- De La Rue, the world’s largest banknote maker, issued a profit warning on Wednesday.
- The company said in a stock exchange filing that demand for banknotes is at a 20-year low.
- Central banks around the world snapped up banknotes during the pandemic and are working through stockpiles.
With demand plunging to a two-decade low, printing money isn’t as lucrative as it used to be.
De La Rue, the world’s largest banknote maker, issued a profit warning on Wednesday, flagging a lower demand for cash.
“The demand for banknotes has been at the lowest levels for over 20 years, resulting in a low order book going into FY24,” the 210-year-old company said in a Wednesday filing to the London Stock Exchange. De La Rue prints banknotes and supplies raw materials for physical cash across 140 countries, including the UK, Thailand, and Qatar.
The company now expects its full-year adjusted operating profit for the 2024 fiscal year to be around low-£20 million, or $25 million, half of its previous unadjusted estimates of £40.1 million, according to Refinitv data seen by Insider.
“The challenge at the moment is that there simply isn’t quite the demand there to be where we want to be, which is disappointing,” Clive Vacher, the CEO of De La Rue, told Reuters on Wednesday.
Central banks snapped up banknotes during the pandemic, but they are now working through the stockpile before acquiring new stocks, De La Rue said in November 2022. Demand for banknotes has also been depressed due to government finances being squeezed by inflation, the cost-of-living crisis, and access to foreign exchange in some cases.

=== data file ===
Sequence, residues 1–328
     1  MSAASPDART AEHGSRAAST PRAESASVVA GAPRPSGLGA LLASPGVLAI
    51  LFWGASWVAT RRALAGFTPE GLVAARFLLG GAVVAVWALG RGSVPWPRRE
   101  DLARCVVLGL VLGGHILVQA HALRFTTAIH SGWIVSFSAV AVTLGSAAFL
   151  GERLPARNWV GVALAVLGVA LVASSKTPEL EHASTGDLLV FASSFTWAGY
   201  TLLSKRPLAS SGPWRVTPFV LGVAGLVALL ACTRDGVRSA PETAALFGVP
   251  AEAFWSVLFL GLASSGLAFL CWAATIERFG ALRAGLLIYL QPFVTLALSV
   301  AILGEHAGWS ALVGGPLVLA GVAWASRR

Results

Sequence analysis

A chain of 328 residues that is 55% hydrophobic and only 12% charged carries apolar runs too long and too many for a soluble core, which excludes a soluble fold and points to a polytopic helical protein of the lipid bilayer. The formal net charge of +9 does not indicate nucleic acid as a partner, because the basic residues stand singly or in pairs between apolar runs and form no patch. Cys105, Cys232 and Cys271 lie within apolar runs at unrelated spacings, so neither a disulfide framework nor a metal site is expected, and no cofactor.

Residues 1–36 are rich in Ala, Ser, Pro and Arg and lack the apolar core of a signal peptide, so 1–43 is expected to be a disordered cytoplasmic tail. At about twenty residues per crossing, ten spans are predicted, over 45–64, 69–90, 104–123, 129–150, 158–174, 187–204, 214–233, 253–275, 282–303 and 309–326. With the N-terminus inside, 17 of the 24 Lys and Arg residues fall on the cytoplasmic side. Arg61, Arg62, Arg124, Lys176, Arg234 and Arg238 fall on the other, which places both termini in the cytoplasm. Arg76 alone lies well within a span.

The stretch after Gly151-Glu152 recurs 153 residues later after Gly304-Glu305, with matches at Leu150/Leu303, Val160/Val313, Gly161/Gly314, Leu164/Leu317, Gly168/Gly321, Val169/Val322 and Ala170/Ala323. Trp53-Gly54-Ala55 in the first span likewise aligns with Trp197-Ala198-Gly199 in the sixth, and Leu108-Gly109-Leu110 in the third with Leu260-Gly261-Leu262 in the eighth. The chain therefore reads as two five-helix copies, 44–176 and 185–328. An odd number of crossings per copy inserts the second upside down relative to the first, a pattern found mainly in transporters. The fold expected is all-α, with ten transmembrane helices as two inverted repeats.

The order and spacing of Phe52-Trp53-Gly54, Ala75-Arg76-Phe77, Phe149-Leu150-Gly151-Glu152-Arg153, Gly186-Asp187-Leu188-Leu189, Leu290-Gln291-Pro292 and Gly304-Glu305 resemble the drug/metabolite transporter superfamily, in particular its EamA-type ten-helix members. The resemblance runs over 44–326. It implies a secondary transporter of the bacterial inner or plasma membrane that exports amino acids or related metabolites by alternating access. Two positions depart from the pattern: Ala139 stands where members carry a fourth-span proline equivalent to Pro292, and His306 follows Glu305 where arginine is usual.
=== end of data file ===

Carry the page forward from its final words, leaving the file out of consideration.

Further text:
It doesn’t help that the modern banknote — much of which is made from polymer — lasts much longer than paper banknotes. The Bank of England estimates its polymer banknotes made by De La Rue last for at least two-and-a-half times longer than paper.
De La Rue said Wednesday it is discussing with banks about amending lending terms that will take into account the company’s revised outlook and higher interest rates.
The company’s profit warning on Wednesday sent De La Rue’s share prices plunging nearly 20% to £40.50 apiece on the same day. Share prices are down 1.5% at £39.90 at 9.19 a.m. London time on Thursday. The stock is trading nearly 50% lower so far this year.
On the upside, De La Rue expects revenues from its authentication division to exceed £100 million for the first time in the coming fiscal year. This is in part driven by demand for Australian passports, for which De La Rue is a supplier, according to the Wednesday filing.
The company’s fortunes are well chronicled with its Wednesday profit warning the third since January 2022. It was already closing production lines and cutting jobs as demand for cash slowed in 2015 due to the rise of mobile internet-based payments.
De La Rue did not immediately respond to Insider’s request for comment.